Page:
Clashes between bottom line-oriented managers (stewards) and creative technical employees (creators) may be inevitable. But when those conflicts aren’t managed well, a company’s ability to innovate may be at risk.
Most technology-intensive companies today depend on specialized and talented employees, in fields ranging from high-tech product development to life sciences research. Such employees often design much of their own work; no one else is as qualified as they are to do so. The work itself may involve intangible materials and products. Often managers can’t tell what exactly is going on. As one CEO said, frustrated by his inability to manage a technical staff, “Sometimes they’re hanging out drinking coffee, other times they’re rushing around — I don’t know what any of it means.”
Never before in history have there been such profound knowledge gaps between managers and the frontline employees who create business value. In earlier times, supervisors often rose from the ranks of workers and therefore were expert in the activities being supervised. But even when that is true today — when a software developer becomes a development manager, or a genetics researcher becomes a research manager — the specialized field in which value creation occurs keeps moving forward. A software developer more than four or five years removed from actual coding is no longer expert. With the exception of a few remarkable individuals, most managers can’t keep up with all the details of advancing technology while also having full-time management responsibilities.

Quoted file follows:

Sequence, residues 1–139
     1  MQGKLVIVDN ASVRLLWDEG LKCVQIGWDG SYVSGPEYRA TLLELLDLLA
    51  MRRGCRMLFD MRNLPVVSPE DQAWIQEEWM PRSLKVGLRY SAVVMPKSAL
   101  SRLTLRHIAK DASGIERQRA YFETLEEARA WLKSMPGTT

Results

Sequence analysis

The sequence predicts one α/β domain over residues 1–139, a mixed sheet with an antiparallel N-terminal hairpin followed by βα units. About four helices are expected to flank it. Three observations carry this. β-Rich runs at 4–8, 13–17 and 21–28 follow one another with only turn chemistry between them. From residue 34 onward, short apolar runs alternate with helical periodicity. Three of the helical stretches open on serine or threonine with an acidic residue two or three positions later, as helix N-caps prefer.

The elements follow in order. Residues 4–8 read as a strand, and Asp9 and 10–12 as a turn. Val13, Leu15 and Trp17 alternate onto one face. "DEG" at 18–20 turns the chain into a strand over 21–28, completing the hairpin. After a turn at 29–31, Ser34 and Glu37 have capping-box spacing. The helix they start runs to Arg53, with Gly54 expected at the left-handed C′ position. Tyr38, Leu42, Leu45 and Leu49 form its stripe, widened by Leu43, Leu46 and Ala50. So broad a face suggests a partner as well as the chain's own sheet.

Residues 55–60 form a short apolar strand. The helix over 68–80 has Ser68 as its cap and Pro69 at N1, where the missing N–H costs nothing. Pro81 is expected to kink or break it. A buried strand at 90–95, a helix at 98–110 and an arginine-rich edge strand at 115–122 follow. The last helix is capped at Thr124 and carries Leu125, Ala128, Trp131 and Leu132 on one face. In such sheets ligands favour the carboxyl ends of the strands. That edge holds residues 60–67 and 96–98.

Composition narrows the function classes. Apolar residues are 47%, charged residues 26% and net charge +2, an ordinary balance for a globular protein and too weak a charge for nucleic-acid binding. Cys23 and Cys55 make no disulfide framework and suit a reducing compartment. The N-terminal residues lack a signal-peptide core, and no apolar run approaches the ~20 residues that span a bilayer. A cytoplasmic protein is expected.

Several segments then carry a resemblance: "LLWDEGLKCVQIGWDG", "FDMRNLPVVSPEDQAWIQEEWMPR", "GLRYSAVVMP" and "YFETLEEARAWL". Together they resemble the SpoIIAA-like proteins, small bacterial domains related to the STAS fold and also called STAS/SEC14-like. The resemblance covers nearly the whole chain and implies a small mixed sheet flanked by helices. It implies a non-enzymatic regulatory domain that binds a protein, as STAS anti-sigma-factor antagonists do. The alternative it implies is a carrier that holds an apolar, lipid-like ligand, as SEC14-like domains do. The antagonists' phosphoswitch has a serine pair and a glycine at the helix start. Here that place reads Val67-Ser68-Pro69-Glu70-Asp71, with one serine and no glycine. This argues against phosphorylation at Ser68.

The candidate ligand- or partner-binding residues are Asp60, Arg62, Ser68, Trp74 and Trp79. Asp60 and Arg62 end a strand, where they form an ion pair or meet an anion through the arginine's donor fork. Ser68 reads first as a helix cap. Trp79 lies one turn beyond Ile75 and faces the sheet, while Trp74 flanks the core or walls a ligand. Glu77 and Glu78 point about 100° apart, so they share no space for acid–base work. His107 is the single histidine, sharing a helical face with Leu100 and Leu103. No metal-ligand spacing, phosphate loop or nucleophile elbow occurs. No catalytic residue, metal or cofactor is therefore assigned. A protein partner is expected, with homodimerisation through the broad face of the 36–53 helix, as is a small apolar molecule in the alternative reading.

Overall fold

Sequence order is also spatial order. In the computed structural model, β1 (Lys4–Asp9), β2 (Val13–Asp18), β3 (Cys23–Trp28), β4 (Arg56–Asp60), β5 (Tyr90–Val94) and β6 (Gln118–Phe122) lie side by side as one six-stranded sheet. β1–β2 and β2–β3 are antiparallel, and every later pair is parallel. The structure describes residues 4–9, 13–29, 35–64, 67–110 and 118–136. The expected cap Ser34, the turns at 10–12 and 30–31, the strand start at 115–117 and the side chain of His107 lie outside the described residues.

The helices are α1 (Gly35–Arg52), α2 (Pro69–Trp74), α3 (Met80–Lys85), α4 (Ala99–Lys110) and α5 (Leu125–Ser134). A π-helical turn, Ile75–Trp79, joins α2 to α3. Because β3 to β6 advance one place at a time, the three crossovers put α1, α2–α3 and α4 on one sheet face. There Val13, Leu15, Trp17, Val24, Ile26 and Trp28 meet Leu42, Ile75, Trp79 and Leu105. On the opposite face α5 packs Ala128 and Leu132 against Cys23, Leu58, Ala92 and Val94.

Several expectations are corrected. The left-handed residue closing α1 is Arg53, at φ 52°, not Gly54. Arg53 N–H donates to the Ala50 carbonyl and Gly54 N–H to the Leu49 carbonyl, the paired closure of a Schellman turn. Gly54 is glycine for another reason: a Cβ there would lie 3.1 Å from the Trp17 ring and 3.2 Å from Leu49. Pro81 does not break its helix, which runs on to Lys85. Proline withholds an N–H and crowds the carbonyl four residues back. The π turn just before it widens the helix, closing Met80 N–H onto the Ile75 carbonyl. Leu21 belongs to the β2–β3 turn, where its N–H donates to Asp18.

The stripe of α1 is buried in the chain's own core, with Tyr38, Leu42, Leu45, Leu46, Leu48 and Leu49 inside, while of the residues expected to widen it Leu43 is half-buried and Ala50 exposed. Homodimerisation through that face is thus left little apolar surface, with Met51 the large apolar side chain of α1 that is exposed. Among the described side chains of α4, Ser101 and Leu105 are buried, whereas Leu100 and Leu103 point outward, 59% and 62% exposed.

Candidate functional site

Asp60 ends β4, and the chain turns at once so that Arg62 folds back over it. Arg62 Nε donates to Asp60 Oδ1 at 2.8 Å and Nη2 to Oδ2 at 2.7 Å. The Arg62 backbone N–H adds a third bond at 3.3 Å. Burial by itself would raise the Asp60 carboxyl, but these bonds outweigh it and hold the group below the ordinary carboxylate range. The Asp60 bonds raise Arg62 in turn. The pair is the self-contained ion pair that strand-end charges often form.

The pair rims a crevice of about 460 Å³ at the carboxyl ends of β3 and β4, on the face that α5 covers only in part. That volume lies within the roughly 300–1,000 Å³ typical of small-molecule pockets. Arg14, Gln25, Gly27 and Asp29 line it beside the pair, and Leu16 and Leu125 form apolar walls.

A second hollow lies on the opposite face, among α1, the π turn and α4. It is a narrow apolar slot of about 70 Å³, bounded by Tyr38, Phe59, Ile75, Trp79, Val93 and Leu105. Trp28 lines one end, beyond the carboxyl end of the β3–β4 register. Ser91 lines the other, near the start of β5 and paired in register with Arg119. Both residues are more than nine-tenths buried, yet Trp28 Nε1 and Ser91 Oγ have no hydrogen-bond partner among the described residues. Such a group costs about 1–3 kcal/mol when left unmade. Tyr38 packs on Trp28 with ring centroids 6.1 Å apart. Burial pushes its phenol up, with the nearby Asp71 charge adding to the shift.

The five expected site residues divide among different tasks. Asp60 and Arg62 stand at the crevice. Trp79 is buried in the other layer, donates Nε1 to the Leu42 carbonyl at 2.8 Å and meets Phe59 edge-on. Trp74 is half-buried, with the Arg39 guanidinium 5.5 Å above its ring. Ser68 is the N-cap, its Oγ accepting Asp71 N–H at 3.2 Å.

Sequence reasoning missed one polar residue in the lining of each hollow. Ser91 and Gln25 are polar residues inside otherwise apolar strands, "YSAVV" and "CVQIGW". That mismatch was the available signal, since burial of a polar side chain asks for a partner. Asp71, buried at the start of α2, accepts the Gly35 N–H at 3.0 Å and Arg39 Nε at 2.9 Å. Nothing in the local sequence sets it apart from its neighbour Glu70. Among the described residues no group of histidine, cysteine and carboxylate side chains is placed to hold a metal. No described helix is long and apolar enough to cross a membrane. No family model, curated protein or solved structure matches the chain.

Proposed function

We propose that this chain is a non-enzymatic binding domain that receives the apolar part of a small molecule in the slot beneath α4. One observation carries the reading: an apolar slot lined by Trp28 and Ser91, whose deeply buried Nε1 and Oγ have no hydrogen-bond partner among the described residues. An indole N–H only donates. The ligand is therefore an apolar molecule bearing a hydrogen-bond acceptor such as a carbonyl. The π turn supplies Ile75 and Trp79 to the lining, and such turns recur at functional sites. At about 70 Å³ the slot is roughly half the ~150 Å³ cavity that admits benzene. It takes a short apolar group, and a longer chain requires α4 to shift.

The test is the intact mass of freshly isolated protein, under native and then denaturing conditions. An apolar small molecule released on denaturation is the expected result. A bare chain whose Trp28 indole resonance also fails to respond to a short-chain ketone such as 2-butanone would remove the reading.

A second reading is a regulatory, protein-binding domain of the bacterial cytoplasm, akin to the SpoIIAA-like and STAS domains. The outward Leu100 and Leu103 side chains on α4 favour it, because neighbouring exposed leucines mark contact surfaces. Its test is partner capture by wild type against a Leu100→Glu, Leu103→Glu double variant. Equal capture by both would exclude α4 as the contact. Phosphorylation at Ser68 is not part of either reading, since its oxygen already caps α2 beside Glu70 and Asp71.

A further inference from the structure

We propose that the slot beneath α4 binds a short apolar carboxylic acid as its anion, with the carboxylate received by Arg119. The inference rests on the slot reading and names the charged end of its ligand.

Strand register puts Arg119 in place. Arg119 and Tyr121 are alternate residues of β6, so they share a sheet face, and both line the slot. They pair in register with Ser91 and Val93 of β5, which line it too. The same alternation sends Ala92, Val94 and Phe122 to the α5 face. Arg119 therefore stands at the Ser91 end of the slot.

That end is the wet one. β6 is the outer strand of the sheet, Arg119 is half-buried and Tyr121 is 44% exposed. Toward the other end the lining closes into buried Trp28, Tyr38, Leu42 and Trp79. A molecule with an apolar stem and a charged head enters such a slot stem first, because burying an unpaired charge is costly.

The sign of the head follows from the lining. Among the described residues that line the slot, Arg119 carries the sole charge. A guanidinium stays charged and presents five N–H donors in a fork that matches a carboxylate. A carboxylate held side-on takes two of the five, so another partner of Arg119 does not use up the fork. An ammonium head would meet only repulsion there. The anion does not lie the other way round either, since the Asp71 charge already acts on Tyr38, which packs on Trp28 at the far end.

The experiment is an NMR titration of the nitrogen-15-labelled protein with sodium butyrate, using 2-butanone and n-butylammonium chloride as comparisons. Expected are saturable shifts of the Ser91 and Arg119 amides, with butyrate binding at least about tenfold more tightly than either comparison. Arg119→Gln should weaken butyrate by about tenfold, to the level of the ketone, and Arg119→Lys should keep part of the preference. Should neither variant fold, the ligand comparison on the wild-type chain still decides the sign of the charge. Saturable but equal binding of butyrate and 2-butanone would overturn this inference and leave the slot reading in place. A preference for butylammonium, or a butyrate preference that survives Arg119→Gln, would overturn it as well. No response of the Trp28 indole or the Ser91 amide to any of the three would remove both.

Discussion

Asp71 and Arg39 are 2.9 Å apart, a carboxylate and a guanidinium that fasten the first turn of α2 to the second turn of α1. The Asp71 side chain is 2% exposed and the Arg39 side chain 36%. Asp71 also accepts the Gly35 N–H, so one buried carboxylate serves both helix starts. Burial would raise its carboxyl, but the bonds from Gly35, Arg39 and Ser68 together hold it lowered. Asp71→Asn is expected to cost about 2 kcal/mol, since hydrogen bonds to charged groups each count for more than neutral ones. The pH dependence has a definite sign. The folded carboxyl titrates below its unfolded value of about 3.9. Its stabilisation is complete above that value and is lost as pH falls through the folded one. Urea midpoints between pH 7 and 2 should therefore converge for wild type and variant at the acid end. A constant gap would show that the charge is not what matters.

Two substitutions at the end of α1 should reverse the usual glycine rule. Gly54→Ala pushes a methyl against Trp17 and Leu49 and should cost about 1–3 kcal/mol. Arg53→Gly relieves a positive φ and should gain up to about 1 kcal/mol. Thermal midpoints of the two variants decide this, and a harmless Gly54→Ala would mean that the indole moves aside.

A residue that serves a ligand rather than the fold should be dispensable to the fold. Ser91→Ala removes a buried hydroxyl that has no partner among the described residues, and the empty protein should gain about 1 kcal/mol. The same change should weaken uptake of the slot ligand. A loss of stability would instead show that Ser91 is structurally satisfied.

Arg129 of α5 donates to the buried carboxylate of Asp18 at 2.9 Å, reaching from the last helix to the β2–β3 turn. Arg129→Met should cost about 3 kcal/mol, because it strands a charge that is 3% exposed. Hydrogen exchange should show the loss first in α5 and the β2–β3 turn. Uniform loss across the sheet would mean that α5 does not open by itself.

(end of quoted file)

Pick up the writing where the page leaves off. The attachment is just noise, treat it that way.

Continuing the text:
Being a good supervisor traditionally meant encouraging sound business practices and introducing changes to those practices as business conditions changed. Lately, something has gone radically wrong in the second part of that formulation, at least for businesses in fast-changing industries that rely on specialized employees. Now the changes sometimes come from key employees whose work managers don’t completely understand. This wouldn’t be a significant problem if managers and specialized employees always saw eye to eye. But they don’t. The worldviews of these two groups can differ drastically. Consequently, the process of business innovation can resemble a series of battles between people with very different priorities. Such conflict often entails a substantial risk of squandering corporate resources.
The idea of an ongoing struggle between results-oriented managers and technical visionaries is not new. Economist and sociologist Thorstein Veblen noted it in his 1904 book The Theory of Business Enterprise.